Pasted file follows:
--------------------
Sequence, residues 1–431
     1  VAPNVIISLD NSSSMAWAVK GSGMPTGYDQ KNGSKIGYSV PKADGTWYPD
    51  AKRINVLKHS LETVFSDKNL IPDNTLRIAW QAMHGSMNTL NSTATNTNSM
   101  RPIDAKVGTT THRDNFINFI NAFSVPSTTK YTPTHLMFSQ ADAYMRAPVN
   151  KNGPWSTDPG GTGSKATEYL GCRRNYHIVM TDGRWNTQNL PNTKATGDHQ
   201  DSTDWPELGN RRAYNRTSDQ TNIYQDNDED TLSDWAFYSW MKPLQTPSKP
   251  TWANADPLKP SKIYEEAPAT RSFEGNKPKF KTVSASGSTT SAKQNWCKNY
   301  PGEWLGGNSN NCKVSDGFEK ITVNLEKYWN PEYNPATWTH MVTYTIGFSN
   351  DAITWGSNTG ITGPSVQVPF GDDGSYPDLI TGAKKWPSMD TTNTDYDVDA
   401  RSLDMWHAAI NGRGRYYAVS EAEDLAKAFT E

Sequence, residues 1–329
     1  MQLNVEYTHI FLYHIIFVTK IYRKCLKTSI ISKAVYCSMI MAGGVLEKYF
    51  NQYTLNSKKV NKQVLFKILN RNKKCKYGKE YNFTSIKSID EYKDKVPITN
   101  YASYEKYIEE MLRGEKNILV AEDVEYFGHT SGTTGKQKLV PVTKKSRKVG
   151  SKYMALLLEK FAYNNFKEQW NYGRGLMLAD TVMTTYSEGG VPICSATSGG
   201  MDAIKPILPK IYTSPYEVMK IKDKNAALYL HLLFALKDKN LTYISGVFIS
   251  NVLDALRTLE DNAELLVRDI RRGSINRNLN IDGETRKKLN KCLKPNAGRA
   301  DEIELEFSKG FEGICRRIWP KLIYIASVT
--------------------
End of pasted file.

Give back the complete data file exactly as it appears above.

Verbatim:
Sequence, residues 1–431
     1  VAPNVIISLD NSSSMAWAVK GSGMPTGYDQ KNGSKIGYSV PKADGTWYPD
    51  AKRINVLKHS LETVFSDKNL IPDNTLRIAW QAMHGSMNTL NSTATNTNSM
   101  RPIDAKVGTT THRDNFINFI NAFSVPSTTK YTPTHLMFSQ ADAYMRAPVN
   151  KNGPWSTDPG GTGSKATEYL GCRRNYHIVM TDGRWNTQNL PNTKATGDHQ
   201  DSTDWPELGN RRAYNRTSDQ TNIYQDNDED TLSDWAFYSW MKPLQTPSKP
   251  TWANADPLKP SKIYEEAPAT RSFEGNKPKF KTVSASGSTT SAKQNWCKNY
   301  PGEWLGGNSN NCKVSDGFEK ITVNLEKYWN PEYNPATWTH MVTYTIGFSN
   351  DAITWGSNTG ITGPSVQVPF GDDGSYPDLI TGAKKWPSMD TTNTDYDVDA
   401  RSLDMWHAAI NGRGRYYAVS EAEDLAKAFT E

Sequence, residues 1–329
     1  MQLNVEYTHI FLYHIIFVTK IYRKCLKTSI ISKAVYCSMI MAGGVLEKYF
    51  NQYTLNSKKV NKQVLFKILN RNKKCKYGKE YNFTSIKSID EYKDKVPITN
   101  YASYEKYIEE MLRGEKNILV AEDVEYFGHT SGTTGKQKLV PVTKKSRKVG
   151  SKYMALLLEK FAYNNFKEQW NYGRGLMLAD TVMTTYSEGG VPICSATSGG
   201  MDAIKPILPK IYTSPYEVMK IKDKNAALYL HLLFALKDKN LTYISGVFIS
   251  NVLDALRTLE DNAELLVRDI RRGSINRNLN IDGETRKKLN KCLKPNAGRA
   301  DEIELEFSKG FEGICRRIWP KLIYIASVT